Alison Ritchie in the Kings Park Science nurseryView image slideshowProject title: Innovative seed technologies for restoration in a biodiversity hotspot

Dates: 2018 - 2023

Funding: Australian Research Council (LP170100075) awarded to University of Western Australia, with industry partners; Hanson Construction Materials, Bentonite Products WA and BGPA

Location: Swan Coastal Plain and Wheatbelt regions

Research themes

  • seed enhancement technologies
  • seed germination
  • seedling emergence
  • weed ecology
  • restoration ecology
  • land degradation
  • ecophysiology
  • ecological filters

Project description

This project will examine concepts of plant community assembly, dispersal dynamics of invasive species and water repellency to develop and implement innovative and practical methods to improve native plant establishment within a Global Biodiversity Hotspot. The development of advanced technologies to enhance restoration success will benefit ecological communities impacted by urban expansion, agriculture and resource development, and their associated practitioners, government agencies, private landowners and primary Australian industry.

The research, development and the effectiveness of seed enhancement technologies will be tested through multiyear, large-scale field trials across multiple degraded landscapes (post-mine and post-pine in Gnangara and post-agriculture in the Wheatbelt).

Three main aims will be investigated:

  1. Characterise the degree of water repellency and weed establishment of the target degraded landscapes -- ascertaining the legacy of the degraded and remnant environments, focusing on floristic composition, the soil physiochemical properties and weed seed bank of each environment.
  2. Manipulate water relations driving restoration success in degraded landscapes -- the development of seed enhancement technologies to deliver beneficial compounds to the interface of the soil-seed environment to overcome the abiotic barrier of water repellency in restoration.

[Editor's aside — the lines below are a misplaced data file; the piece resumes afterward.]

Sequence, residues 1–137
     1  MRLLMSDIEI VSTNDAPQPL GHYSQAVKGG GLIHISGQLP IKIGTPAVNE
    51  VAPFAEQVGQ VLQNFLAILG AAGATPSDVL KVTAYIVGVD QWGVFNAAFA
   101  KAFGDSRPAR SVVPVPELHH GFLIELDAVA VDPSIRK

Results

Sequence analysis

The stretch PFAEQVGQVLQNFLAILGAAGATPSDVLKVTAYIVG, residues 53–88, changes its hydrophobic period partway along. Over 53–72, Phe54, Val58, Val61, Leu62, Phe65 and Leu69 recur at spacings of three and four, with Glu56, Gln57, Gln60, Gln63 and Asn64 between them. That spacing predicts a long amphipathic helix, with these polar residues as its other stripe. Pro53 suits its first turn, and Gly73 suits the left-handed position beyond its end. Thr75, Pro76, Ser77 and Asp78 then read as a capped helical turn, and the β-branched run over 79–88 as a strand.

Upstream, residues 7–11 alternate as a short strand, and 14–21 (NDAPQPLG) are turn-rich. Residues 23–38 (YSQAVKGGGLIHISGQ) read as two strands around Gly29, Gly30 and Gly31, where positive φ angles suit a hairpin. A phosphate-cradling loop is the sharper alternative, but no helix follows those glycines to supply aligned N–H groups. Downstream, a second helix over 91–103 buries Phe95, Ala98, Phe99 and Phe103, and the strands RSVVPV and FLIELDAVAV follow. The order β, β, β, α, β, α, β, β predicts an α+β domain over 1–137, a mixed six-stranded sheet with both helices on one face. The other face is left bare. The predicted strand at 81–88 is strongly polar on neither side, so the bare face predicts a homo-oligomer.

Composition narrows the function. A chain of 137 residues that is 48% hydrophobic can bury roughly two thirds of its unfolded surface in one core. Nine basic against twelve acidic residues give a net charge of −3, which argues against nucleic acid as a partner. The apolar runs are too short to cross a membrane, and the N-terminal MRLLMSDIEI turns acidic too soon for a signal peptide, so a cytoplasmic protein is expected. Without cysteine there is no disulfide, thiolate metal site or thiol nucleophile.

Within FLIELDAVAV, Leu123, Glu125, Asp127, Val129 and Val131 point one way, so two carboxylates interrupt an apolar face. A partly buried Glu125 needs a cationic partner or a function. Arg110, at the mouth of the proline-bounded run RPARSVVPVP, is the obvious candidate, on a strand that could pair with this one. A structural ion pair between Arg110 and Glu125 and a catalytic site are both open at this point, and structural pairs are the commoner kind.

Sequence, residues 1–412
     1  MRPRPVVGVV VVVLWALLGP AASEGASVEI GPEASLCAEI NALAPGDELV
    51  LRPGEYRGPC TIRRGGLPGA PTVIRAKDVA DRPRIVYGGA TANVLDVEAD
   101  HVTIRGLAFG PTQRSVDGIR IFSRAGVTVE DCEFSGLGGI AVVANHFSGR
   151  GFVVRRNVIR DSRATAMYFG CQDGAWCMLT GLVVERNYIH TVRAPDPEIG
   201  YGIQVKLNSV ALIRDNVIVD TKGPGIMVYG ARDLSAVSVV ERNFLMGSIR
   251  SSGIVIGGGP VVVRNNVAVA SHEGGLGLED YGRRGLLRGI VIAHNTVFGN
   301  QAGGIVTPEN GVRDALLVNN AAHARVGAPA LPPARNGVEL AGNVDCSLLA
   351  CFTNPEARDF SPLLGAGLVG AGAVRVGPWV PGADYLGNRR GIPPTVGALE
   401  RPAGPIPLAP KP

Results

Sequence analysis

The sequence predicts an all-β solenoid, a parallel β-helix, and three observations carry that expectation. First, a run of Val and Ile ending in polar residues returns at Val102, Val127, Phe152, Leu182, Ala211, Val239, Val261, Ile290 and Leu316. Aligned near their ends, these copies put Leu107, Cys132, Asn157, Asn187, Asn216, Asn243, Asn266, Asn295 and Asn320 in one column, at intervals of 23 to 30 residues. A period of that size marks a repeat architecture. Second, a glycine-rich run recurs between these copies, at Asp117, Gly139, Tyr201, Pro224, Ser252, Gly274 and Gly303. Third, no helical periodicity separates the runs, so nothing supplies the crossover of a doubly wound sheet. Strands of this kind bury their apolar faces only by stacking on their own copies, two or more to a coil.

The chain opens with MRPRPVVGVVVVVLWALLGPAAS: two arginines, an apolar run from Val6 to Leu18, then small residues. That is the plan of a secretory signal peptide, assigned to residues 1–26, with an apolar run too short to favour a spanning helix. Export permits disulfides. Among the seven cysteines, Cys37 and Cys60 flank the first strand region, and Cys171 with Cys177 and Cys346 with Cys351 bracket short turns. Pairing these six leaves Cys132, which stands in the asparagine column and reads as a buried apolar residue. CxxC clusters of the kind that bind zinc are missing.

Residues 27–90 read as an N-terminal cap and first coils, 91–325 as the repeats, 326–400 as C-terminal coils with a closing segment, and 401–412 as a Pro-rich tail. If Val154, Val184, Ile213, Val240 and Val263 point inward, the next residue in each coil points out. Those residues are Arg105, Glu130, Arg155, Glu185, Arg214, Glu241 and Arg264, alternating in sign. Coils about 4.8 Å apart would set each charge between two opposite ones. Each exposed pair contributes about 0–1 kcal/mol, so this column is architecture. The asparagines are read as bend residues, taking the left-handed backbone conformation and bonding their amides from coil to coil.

3. Manipulate the biotic interactions driving plant community reassembly to initiate resistance to weed invasion and reduce water repellency simultaneously in degraded landscapes -- the development of seed enhancement technologies to overcome the biotic barrier of weed invasion in restoration and water repellency.

Key staff

Dr Alison Ritchie (UWA), Prof Richard Hobbs (UWA), Dr Todd Erickson (UWA), Dr Jason Stevens (DBCA), Dr David Merritt (DBCA).

Collaborators

Asst Prof Matthew Madsen (Brigham Young University, USA), Mr Vernon Newton (Hanson Construction Materials), Mr Anthony Pekin (Bentonite Products WA), Mr Alan Savage (Bentonite Products WA).

Students

Vanessa Brown (PhD Candidate, UWA), Bianca Berto (Honours, UWA), Thomas Munro (Honours, CSU).

Presentations

Innovative seed technologies for restoration in a biodiversity hotspot, Society for Ecological Restoration Conference 2018, Brisbane, Australia.

 

Banksia pellets tested to overcome water resistant soil data. Photo: BGPA Banksia seedlings. Photo: BGPA Alison Ritchie receiving the Quarry Life Award for her research

Flower thefts

We’re calling for help from the people of Perth to catch thieves stealing large quantities of flowers and foliage from Kings Park.

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Congratulations to the Friends

Kings Park and Botanic Garden extends a big congratulations to the Friends of Kings Park who were today presented with a $100,000 grant from Lotterywest for the 2019 Kings Park Festival.

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The Kings Park Festival 'Flowers in Focus' photography competition is now open to amateur photographers in Western Australia.

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